The Health and Safety Executive (HSE) is the national independent watchdog for health, safety and illness in the workplace. As well as regulating and enforcing health and safety laws in the UK, it also works to produce legislation protecting workers and offering advice to businesses on the health and safety of their workplace with the ultimate goal of reducing the number of work-related deaths and serious injuries across Great Britain’s workplaces.

As part of this, the HSE produces statistics on work-related accidents and on 1st July, it published provisional annual data on workplace fatalities for the last 12 months (between April 2014 and March 2015).

Work-place fatalities are tragic and largely avoidable – although some industries are inherently more dangerous than others. The good news is that the recent workplace data shows only small changes from previous years’ statistics, demonstrating that the UK is sustaining a longer term trend with the rates of fatalities more than halving over the past 20 years.

Fatal workplace accidents – the statistics

  • 142 workers were fatally injured at work between April 2014 and March 2015 (a rate of 0.46 fatalities per 100,000 workers).
  • The statistics confirm that the UK is one of the safest places to work in Europe – we have one of the lowest rates of fatal injuries in leading industrial nations.
  • 35 fatal injuries were recorded among construction workers. This compares to an average of 45 deaths in the past five years and a decrease from 44 deaths in 2013/14.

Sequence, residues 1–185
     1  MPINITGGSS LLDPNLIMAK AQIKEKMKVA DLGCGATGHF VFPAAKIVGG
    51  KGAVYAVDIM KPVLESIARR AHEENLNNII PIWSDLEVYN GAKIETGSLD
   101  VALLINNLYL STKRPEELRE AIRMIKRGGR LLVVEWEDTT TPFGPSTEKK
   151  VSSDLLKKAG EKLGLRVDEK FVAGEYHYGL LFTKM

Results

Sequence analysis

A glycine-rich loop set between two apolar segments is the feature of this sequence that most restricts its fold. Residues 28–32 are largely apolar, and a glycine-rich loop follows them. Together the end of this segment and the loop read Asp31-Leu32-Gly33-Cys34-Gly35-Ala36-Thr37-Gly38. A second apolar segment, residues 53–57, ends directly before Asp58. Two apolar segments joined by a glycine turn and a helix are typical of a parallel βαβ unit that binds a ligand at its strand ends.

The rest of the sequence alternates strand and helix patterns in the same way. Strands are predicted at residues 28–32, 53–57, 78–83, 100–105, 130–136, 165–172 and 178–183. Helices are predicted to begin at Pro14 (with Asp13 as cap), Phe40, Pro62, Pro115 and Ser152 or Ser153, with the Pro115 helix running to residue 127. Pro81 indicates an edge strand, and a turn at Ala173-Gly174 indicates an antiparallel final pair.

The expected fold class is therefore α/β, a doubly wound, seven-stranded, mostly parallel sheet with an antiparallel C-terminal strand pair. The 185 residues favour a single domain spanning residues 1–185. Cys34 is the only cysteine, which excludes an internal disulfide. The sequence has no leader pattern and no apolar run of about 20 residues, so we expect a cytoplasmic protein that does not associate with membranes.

• In agriculture, 33 deaths were recorded – the same as is average for the past five years. However this was an increase from the 27 recorded deaths in 2013/14.
  • 5 fatal injuries were recorded among waste and recycling workers compared to an average of 6 deaths in the past 5 years and an increase from 4 deaths recorded in 2013/14
  • Asbestos related cancer is also responsible for a large number of deaths – there were 2,538 killed by this disease in 2013 compared to 2,548 in 2012. The increase in Mesothelioma deaths in recent years has been mainly attributed to deaths among those aged 75 or over.

The decline in fatalities in most industries is encouraging – demonstrating that the UK remains dedicated to improving safety statistics by maintaining excellent health and safety measures in the workplace. However, Judith Hackitt, the HSE’s Chair was keen to point out that every single death is tragic, saying, “It is disappointing last year’s performance on fatal injuries has not been matched, but the trend continues to be one of improvement. Our systems and our framework remain strong as demonstrated by our performance in comparison to other countries.

“Every fatality is a tragic event and our commitment to preventing loss of life in the workplace remains unaltered.  All workplace fatalities drive HSE to develop even more effective interventions to reduce death, injury and ill health.”

Further details will be provided as part of the annual Health and Safety Statistics release in October, based on more in-depth analysis from the HSE.

At Freeclaim Solicitors, we have handled many cases pertaining to fatalities at work and serious work injuries. We fully support any actions which improve health and safety and which will in turn, prevent serious, life-changing and tragic accidents and illnesses.

If a loved one has sustained a fatal injury or serious injury in the workplace, we can offer essential support and guidance at this difficult time. We will handle all aspects of the case, providing compassionate understanding. We will fight to gain justice for your loved one and vital funds which will provide for you and your family in the future. For free and confidential advice, call us today on 0800 612 7340.